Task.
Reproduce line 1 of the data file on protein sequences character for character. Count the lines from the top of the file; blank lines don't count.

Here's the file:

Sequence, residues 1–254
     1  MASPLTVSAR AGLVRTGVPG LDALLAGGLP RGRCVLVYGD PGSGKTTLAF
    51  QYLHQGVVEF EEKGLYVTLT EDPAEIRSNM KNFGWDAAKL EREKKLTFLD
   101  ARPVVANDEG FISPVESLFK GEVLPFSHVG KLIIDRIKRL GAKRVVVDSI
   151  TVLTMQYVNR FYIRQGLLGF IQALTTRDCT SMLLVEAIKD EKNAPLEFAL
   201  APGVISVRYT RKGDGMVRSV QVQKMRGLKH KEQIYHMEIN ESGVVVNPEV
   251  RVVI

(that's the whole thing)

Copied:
Sequence, residues 1–254